Low supply, high prices weighing on the market

Boston-area real estate experts are warning renters ahead of the season to prepare for some of the toughest and most competitive market conditions the city has ever seen.

“Wherever you look, there’s almost no availability and the prices really are as high as they’ve ever been,” said Doug Quattrochi, CEO of Mass. Landlords. “That looks really bad for a tenant.”

Julia, a recent college graduate looking to return to the Boston area, witnessed this. “It’s a bit difficult there,” she said.

For more than a month, Julia scoured rental websites like Apartments.com, Craigslist and Facebook for a three-bedroom apartment and struggled to find something that met her needs and those of her roommates.

So far, out of the handful of places she’s visited, all have been either “gross” or far from where they want to be. The band started increasing their budget to find something they liked.

“You absolutely have to have time off so you can look at things and see them as fast as you can, and be really on top of it, otherwise I don’t think it’s going to go very well,” she said. noted.

Demetrios Salpoglou, CEO of rental site Boston Pads, said a year ago more than 7,000 apartments were available for rent in Boston, the most on record. Today, only around 2,600 apartments are available. “The market is incredibly tight,” he said.

Several factors are severely limiting supply, he said. For one thing, many tenants have recently moved into new apartments after the first big wave of the pandemic ended.

“I called it ‘tenant fatigue’, didn’t I? If you just moved into an apartment, you probably won’t want to move next year,” he said.

Additionally, with 2020’s high vacancy rates, many homeowners have taken the time to renovate their homes, facing high labor and material costs in the process. Now that the units are upgraded, landlords are raising rents to try to recoup some of the costs for a nicer unit.

Although Quattrochi added that the availability of rental assistance in the age of the pandemic could also reduce the availability of units, the real problem, he said, is the single-family zoning that is prevalent throughout the city. Boston area.

“There just isn’t enough housing in Massachusetts. It’s been that way for about 110 years,” he said.

A limited supply is also driving prices up to 2019 levels – already record highs – or even higher. Salpoglou said average rents in Boston are around $1,750 for a studio, $2,000 for a one-bedroom, $2,500 for a two-bedroom, $3,100 for a three-bedroom and $3,800. for a four bedroom.

Many tenants, especially those in buildings owned by large rental companies, have been able to score luxury apartments with steep price cuts and deals in the pandemic era of 2020, and many landlords have absorbed the broker fees.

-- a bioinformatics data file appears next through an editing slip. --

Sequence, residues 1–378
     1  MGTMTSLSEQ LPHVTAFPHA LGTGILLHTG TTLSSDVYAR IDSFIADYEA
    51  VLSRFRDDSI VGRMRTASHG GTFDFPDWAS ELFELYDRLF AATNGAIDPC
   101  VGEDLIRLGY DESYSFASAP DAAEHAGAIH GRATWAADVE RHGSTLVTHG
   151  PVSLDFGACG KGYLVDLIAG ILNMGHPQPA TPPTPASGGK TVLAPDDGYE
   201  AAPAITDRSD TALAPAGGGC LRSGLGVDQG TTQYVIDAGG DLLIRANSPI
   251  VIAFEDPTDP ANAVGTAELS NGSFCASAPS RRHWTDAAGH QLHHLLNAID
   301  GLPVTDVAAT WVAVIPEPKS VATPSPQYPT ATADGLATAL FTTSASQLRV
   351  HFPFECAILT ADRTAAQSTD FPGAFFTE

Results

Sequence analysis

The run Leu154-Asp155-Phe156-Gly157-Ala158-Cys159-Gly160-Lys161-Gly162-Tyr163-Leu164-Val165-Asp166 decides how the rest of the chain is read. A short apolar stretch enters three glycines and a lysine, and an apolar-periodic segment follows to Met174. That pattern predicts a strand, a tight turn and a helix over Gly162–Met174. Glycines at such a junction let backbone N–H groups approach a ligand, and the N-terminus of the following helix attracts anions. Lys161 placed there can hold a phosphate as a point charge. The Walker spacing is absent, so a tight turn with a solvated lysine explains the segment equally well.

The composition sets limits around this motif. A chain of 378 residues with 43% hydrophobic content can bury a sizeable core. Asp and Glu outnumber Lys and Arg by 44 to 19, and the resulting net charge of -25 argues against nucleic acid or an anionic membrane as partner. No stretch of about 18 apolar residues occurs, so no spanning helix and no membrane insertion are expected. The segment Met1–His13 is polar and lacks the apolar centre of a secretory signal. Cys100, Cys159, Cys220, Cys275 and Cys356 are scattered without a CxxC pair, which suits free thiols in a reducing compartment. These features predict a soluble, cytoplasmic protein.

Now that COVID has subsided in Massachusetts, “these big business owners will give a 15% rent increase or something ridiculous just because they know the cost of change is so high,” Quattrochi said. .

Landlords now have the upper hand, and most are no longer willing to make concessions like paying brokerage fees, usually equal to one month’s rent. Salpoglou said that during the pandemic, up to 90% of owners have paid full brokerage fees. Now only about 8% do, so it’s more for potential tenants.

These poor conditions are also pushing tenants to start looking for apartments earlier and earlier, said Ranjita Singh-Ortiz, owner of Cambridge Premier Realty and working in Cambridge, Somerville and Medford.

“February was so slow but it’s been really busy, March has already picked up and it’s going really fast,” she said. “It’s going to be a pretty hectic season.

She said a cheap apartment rarely stays available for more than five or six days.

Singh said she has seen increased demand for apartments that have a suburban feel, with amenities like outdoor spaces, but are still central to in-demand areas of Cambridge and Somerville.

Given the limited supply, however, “don’t look for that perfect spot,” she said, advising renters to forego amenities such as outdoor space and parking if location is important.

“If it fits your priorities, go for it,” she said. “Because if your budget is limited and your list is too long, it will be impossible to find this place.”

She also advised tenants to start looking for apartments early to beat competition from the majority of tenants, including the area’s large student population. June renters, for example, should start looking in March instead of April or May.

“It’s going to be a bit difficult for clients given that they’ll have to be on top of their game, we’ll have to pay broker fees, we’ll have to deal with rising rents,” she said. “But if we plan accordingly and are proactive about things, we can manage the season.”

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